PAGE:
Does the Left Hate Bush because he believes in God?
Youngstown's Democratic mayor thinks so.
NEW YORK (AP) -- The Democratic mayor of Youngstown told Republican convention delegates today that he supports George Bush and that some of his fellow Democrats don't like the president because he believes in God.
From WTOL-TV, "Democratic Ohio Mayor Addresses GOP Convention"
Wow. I think it takes a lot of guts to say something like that. However, he is not alone. Consider the following from political commentator Cal Thomas in an article entitled "Black eye for the Bush guy" where he details the reasons that he believes liberals hate George Bush:
The third and perhaps most important reason Bush is hated is his faith, which is genuine. Bush believes God exists objectively and that He has spoken unambiguously to those who would pay attention. Unlike Clinton, who puts on religion when it helps him politically but takes it off when it interferes with his appetites, Bush wears his faith in his heart.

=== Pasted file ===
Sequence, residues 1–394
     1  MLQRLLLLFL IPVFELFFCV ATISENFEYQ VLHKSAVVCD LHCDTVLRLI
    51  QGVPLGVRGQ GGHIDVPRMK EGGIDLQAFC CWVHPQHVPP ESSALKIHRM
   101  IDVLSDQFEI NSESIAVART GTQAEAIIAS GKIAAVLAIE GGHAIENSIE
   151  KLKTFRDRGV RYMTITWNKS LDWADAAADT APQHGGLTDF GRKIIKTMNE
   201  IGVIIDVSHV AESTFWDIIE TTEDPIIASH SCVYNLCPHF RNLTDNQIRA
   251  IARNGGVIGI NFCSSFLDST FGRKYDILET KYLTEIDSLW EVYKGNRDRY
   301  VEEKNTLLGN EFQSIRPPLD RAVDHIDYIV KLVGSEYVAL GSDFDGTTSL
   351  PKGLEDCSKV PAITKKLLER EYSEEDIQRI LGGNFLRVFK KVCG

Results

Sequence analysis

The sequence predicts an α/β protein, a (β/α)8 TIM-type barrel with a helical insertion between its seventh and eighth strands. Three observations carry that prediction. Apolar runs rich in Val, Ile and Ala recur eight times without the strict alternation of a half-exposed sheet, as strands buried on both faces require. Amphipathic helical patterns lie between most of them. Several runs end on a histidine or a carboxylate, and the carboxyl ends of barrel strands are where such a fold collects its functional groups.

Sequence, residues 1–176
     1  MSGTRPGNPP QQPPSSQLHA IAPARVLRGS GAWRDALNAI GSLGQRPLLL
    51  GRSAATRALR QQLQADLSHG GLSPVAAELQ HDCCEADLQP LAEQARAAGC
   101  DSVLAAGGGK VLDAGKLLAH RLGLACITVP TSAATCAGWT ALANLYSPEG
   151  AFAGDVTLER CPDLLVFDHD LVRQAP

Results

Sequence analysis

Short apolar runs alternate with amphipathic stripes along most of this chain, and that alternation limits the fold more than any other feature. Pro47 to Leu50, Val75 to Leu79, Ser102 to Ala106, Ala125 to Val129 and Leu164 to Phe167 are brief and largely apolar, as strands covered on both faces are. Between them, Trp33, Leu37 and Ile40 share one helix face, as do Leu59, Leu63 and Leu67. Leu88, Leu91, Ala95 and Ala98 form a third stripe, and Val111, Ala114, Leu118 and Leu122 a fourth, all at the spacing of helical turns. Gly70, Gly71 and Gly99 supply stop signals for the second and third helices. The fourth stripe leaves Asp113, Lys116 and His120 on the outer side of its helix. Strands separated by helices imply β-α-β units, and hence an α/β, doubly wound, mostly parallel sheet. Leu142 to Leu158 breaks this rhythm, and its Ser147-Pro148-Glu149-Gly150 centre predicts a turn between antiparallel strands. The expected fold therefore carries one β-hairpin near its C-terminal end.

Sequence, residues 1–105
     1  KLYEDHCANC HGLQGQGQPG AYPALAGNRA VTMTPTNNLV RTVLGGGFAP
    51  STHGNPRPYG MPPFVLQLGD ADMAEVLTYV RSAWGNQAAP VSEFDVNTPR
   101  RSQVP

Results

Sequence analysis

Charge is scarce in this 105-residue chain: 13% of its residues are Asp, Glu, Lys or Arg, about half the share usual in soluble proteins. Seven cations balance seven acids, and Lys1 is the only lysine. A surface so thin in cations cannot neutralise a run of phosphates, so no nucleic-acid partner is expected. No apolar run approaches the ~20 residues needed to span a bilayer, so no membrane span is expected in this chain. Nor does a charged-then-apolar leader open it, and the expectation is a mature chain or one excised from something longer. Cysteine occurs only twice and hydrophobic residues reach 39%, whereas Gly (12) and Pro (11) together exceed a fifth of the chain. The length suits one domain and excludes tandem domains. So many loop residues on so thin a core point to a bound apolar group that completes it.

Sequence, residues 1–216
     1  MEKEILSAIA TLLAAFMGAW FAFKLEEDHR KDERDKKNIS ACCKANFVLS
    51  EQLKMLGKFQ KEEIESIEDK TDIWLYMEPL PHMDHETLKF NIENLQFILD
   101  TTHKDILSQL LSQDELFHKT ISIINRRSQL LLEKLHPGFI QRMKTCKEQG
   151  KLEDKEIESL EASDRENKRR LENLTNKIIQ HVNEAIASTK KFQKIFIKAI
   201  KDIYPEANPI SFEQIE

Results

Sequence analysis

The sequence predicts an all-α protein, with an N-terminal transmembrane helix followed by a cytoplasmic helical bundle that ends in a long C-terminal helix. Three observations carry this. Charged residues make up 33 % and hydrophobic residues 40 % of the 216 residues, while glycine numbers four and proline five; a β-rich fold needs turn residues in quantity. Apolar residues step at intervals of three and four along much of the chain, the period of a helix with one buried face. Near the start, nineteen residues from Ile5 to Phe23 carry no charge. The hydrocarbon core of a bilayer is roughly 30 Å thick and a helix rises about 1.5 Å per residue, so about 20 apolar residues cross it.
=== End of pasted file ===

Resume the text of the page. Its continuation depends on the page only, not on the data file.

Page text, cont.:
He is humble about it, always noting how far he falls short of the ideal to which he subscribes. I remember a lunch we had in the governor's mansion in Austin the year before he announced for president. I had heard he read through the Bible once a year, and I asked him to quote from memory some of his favorite verses. He quoted three, and not the most familiar ones. That is the mark of a person who takes faith seriously.
The mostly secular or theologically squishy left doesn't mind one being "religious" so long as that religion underscores a secular agenda. A religion that constantly "baptizes" the liberal catechism of bigger government, higher taxes, more abortions, same-sex marriage and anything else the secular left wishes to promote is the kind of "faith" it will tolerate.
But someone who believes God is not an idea of Man, but rather Man is God's idea and He gets to make the rules, is viewed as harmful to those who wish to create their own version of heaven on earth through the secular god of big government and the capitulation to our lower nature.
Cal Thomas and Mayor McGreavy of Youngstown are not alone in believing that the left does not like people who take the Bible and God seriously. Consider the following from "Why Liberals Hate God" by Doug Hagin: